What can i do to fix this? Ken - Muriatic acid is hydrochloric acid. The response in the battery is two-fold. Some of the lead in the plates will enter into option as lead chloride. Then the chloride is produced as chlorine at the positives and the lead plates out onto the negatives.
It will all have occurred by now. If the odor of chlorine has gone and the batteries still work effectively, they will continue working. That is all there is to it. Rather use purified water - in an emergency, tap water. Hi How much water for dissolving 10 tablespoons of Epsom salt?I have actually a sealed battery with 3 years of 12 volts 70 amps, do not conserve more energy.
tanks Hey, did you people ever become aware of carbon additive? It's a black liquid (certainly) with colloidal carbon suspension in it. I'm still in the stage of exploring with it. I'm rather sure it's not a placebo, measured with an insulated K-thermocouple, the battery appears to charge a lot cooler (depending upon concentration of it in each cell).
Simply thought it fascinating and wan na show you guys. Afdhal - Yes. I made up different suspensions based on both conductive triggered and conductive graphite carbon powders and put these into transparent lead-acid test cells. A few of the mixes simply settled out, others covered the plates and made them pitch black.
John - Yup, it does settle at the bottom, the technique is to include it just after the battery charged up till it gassing intensely, that method, it will stir the electrolyte, preserving the suspension. Offering it a chance convecting through the plates. Let it gassing up for one night, letting it to do its work, covering the plates, increasing active area, lowering internal impedance.
Yup, the downside of it is that it just can be use once, but hey, it's much better than absolutely nothing, right? Afdhal - I tried a variety of exclusive emulsifying agents to to keep the carbon suspended. Many did not keep the carbon suspended in the acid but one worked so well, the carbon did not settle out for weeks - recondition a battery.
I had a different goal - reconditioning battery. Jorge- my experience with ingredients is that magnesium sulphate( Epsom Salts) is a complete wild-goose chase & is even harmful to battery- the advised level of additive is 1 level teaspoon per cell- the quantity stated by the poster needs to have been a joke. To dissolve 1 teaspoon, put in a jar with cover, add 15 ml water, shake till dissolved then put into each cell.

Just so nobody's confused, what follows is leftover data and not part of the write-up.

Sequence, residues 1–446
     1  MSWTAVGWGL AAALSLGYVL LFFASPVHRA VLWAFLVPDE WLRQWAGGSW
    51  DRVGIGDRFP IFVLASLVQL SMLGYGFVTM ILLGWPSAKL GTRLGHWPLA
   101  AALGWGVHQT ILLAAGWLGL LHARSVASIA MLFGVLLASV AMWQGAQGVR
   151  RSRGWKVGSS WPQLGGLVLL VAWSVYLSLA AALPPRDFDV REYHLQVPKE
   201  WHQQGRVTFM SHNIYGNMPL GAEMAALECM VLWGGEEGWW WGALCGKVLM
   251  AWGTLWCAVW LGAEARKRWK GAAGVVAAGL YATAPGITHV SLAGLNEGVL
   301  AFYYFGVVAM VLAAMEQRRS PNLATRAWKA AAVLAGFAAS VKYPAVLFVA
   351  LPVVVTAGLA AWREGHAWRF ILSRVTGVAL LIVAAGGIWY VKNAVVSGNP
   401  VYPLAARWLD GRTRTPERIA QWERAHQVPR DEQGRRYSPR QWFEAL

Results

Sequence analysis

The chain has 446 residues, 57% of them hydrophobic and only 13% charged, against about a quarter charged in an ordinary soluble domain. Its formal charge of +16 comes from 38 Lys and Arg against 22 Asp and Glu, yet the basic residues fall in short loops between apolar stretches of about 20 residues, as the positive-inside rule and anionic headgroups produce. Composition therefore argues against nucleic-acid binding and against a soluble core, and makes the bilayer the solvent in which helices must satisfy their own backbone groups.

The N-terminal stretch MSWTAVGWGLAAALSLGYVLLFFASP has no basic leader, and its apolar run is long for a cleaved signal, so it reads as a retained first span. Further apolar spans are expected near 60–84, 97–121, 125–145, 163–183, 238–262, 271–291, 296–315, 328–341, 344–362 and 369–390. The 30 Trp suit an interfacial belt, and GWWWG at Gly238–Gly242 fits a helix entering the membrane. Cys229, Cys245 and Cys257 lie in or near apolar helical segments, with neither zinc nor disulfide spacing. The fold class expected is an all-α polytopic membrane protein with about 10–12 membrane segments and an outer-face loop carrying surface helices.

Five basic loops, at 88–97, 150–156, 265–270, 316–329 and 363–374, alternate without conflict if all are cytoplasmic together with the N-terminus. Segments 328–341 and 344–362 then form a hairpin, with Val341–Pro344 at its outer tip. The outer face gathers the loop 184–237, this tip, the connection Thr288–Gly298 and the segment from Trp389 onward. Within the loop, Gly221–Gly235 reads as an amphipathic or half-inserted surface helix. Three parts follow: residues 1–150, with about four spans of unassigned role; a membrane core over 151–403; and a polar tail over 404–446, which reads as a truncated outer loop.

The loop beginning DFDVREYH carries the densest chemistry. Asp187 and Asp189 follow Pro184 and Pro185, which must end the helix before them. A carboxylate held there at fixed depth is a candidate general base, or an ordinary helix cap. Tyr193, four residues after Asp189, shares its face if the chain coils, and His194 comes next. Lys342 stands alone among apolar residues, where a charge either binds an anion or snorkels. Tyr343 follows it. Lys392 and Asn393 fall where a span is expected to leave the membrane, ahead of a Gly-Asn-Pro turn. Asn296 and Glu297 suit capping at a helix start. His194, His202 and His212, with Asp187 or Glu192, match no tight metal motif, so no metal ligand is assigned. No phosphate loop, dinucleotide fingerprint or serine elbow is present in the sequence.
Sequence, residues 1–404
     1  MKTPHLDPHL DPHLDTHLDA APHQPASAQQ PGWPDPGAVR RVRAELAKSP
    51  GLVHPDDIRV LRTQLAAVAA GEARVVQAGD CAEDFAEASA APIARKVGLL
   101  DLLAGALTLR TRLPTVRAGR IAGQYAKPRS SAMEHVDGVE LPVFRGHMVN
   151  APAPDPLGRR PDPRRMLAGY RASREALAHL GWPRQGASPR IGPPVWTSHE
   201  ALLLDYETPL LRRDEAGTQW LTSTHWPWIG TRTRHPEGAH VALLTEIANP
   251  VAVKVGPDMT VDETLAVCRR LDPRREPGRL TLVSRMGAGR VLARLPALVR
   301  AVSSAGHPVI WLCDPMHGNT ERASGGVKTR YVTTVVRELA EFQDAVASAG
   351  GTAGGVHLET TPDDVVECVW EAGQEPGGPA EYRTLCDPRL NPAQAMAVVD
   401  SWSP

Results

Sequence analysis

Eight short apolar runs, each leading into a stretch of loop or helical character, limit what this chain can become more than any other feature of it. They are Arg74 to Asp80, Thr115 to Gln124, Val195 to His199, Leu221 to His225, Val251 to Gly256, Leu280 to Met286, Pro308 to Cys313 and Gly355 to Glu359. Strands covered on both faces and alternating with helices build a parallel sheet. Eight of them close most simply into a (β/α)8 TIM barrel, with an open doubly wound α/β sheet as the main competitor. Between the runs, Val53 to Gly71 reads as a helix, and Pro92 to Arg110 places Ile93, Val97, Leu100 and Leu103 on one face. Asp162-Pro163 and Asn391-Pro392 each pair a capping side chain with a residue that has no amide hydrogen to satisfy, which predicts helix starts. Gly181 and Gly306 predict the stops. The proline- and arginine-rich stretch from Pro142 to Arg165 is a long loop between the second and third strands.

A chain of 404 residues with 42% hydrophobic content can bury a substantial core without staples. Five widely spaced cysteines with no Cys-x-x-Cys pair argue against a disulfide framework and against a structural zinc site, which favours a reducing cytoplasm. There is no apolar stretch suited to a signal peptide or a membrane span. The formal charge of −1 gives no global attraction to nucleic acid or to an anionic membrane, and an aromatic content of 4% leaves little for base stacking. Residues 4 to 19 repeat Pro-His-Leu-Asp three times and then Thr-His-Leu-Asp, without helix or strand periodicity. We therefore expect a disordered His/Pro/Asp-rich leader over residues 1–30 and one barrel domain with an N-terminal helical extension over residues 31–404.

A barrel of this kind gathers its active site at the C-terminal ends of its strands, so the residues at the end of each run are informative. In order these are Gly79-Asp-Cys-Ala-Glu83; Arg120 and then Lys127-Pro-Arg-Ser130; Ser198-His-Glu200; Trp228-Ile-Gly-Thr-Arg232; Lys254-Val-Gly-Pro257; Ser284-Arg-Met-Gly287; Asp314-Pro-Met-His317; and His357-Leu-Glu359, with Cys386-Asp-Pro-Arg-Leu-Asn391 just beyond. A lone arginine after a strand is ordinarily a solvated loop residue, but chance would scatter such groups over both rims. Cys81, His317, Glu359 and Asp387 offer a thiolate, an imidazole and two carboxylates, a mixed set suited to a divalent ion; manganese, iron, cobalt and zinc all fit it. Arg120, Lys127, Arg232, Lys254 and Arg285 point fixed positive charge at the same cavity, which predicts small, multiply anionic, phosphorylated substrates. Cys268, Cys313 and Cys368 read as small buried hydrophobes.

Bevan - Have you tried sodium sulfate? I once make a little battery out of little 1cm lead plates immersed in hydrogen sulfate, magnesium sulfate, sodium sulfate, and copper sulfate. Naturally it gets weaker when besides HSO4 being utilized, however the outcome is: * HSO4 being the greatest, slowest to charge, likewise, the plates appears to be eroded rather fast. * MgSO4 the look of while layer (lead sulfate?) on the plates completely charge-discharge cycle is decreased. * NaSO4 being the fastest to charge, but likewise the weakest. * CuSO4 triggers the negative plate the covered in copper, and shorted out my cell.
I question if NaSO4 would indicates much faster charging in real battery Now, the only sulfate I miss out on would be cadmium sulfate, I can't discover low-cost source of it yet. For this reason the carbon-additive experiment. All - I also attempted using pencil 'lead' as my carbon for unfavorable electrode (recondition car battery for sale). It has the greatest brief peak discharge present.